From the Archives: Too Many Secrets
This is the first installment of "From The Archives," where I will dust off some of my unpublished past works. Some are complete stories while others are bits and pieces of chapters and ideas. In some instances, I plan to engage my readers with questions and surveys about whether or not to pursue a particular piece, and hope to get input into what you'd like to see! I plan to make "From the Archives" an interactive space for us to communicate. For now, enjoy this piece I wrote in college. It's definitely different in tone from most of my recent works!
Terry called at five a.m. How did she know I was thinking about her at that very moment, almost willing her to call? I needed her. I needed to hear her voice. It seemed her sixth sense to scout me out after so much time had passed.
As I lifted the phone to my ear, I tried to remember the night we met. I had been staggeringly drunk and half-leaning, half-falling into a dumpster behind The Cricket to rid my stomach of its contents. And that's how she found me. The click of her high-heeled shoes finally overpowered the sound of my retching as she drew closer. At last, I looked up to see her standing before me, scantily dressed, a look of motherly concern on her soft, round face.
"Jesus, man, you sound terrible," she said in a sweet, high voice. "Need a hand?"
She tentatively reached toward me.
My head was splitting in two. Clumsily, I wiped my arm across my mouth, recoiling from the foulness of my own breath, and said in a slurred voice, "You always so kind to strangers? Especially in dark alleys like this?"
She lowered her arm and took a step back, her hands clutching at the strap of her purse. I eyed her from head to toe. She wore a tight dress of red, cleavage clearly visible and inviting, her pale arms freckled and shivering, perhaps from cold, perhaps from fear. Hanging from her slim neck was a gold chain that glistened every time she moved, and large gold hoops hung from her earlobes. She wore too much make-up; her eyes were swimming in a sea of powdered blue and purple, her lips an unnatural and seductive red, the same color as her dress. Her legs were covered in thin black fish-net stockings, and the heels of her black leather boots seemed impossibly high. All in all, she was beautiful. But it was her huge blue eyes that did it to me. I smiled and said reassuringly, "Hey, I ain't like that. I ain't gonna hurt you."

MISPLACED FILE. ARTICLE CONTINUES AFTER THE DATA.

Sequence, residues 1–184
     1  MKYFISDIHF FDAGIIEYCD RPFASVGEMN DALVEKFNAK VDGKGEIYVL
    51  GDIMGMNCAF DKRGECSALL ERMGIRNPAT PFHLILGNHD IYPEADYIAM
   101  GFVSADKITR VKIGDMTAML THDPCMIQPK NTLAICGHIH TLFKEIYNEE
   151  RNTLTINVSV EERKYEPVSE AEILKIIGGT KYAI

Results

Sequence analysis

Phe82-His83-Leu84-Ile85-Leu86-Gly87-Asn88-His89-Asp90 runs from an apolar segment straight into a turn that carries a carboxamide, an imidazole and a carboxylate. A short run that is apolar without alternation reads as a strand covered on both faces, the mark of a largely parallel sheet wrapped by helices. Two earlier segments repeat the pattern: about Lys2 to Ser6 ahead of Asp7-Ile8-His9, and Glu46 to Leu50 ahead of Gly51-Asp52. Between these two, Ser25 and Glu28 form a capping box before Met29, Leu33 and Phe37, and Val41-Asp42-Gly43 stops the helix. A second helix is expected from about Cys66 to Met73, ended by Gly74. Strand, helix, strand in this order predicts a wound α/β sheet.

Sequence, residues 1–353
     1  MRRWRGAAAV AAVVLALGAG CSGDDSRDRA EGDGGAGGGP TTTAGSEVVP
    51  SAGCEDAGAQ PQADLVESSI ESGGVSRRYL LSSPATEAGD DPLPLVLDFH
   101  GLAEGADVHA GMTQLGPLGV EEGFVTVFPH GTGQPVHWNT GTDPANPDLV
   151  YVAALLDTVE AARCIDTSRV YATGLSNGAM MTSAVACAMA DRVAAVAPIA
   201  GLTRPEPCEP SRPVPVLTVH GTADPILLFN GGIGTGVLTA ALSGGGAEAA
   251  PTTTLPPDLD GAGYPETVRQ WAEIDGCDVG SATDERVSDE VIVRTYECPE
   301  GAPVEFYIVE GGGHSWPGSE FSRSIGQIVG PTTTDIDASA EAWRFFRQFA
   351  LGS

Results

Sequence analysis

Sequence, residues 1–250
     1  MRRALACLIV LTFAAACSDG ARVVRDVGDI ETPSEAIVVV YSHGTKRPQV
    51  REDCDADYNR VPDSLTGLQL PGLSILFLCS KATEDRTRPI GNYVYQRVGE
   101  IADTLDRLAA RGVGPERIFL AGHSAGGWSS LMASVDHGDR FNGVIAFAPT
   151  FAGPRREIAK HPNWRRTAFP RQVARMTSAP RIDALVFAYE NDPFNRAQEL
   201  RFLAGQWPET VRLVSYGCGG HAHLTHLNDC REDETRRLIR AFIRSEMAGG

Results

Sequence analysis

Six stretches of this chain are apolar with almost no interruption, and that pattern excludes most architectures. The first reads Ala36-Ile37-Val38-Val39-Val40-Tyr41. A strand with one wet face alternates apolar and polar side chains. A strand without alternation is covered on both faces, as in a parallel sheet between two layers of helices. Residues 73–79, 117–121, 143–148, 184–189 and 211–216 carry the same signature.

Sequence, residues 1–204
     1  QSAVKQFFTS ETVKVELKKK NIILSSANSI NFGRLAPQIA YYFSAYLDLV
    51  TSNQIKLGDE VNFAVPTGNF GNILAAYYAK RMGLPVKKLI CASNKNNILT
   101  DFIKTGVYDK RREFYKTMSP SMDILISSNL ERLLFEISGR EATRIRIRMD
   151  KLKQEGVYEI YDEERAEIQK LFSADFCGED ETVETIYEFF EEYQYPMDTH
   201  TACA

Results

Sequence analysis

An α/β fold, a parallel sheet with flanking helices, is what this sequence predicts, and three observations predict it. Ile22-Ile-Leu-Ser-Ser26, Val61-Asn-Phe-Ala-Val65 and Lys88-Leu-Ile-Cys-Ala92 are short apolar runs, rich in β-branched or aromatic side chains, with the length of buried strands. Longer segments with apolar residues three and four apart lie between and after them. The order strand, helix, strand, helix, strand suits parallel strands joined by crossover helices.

She regarded me again with those eyes then glanced at the opening of the alley a few yards behind me. The neon of The Cricket sign cast a puddle of pink on the dirty sidewalk, but in this alley, it was dark and smelled of garbage. Cornered, she looked like a skittish puppy and took another step away from me. To prove I wasn't going to hurt her, I stepped to the side to allow her access to the street. "Trust me," I said. "The name's Joe."
After a moment, she said quietly, "I'm Terry."
"Terry, huh? Well, Terry, it's a pleasure to meet you. I just wish it was under different circumstances."
"You feeling any better?" She asked.
I laughed. "Yeah," I admitted. "The Cricket always does this to me."
I later found out that's where she'd been as well. I later found out that the guy she was with thought she was flirting too much, got drunk, slapped her around a little, and took off with all her cash, leaving her at the club with nothing. All this came out after she drove me back to my place in my car and we made love on my bed. Even as she was telling me this, her thin arms draped over my naked chest, the sweaty strands of her hair tickling my chin, I was marveling at the fact that I did not want her to leave, that I was actually interested in what she was saying, and that I still found her positively alluring in the hazy light thrown from the naked bulb above us.
Her purse was lying atop the night stand. I rolled over and searched through it for a cigarette. My hand fell on something I recognized immediately, something crisp and cool, like paper, only slightly thicker. Cash.
"I thought you said you were broke," I said, holding out the fifty-dollar-bill to her. She rolled over so her back was to me and I thought I heard her whisper, "I did what I had to." When I crouched over her, she was asleep.
What I had imagined would be a one-night-stand turned into something more. I couldn't get enough of her. "It was fate," she whispered one evening after we'd smoked a few joints and were reclining on my old, stained sofa. I watched a cockroach scutter across the floor, crawling into a crack in the wall. "What was?" I asked, brushing a strand of hair from her forehead. "The way we met," she said, "both of us at The Cricket that night. Both of us in that alley."
Now I glanced at her. "Just what were you doing there?" I asked. She turned her gaze aside and grew silent. I didn't push her. In fact, I had the sudden urge to protect her.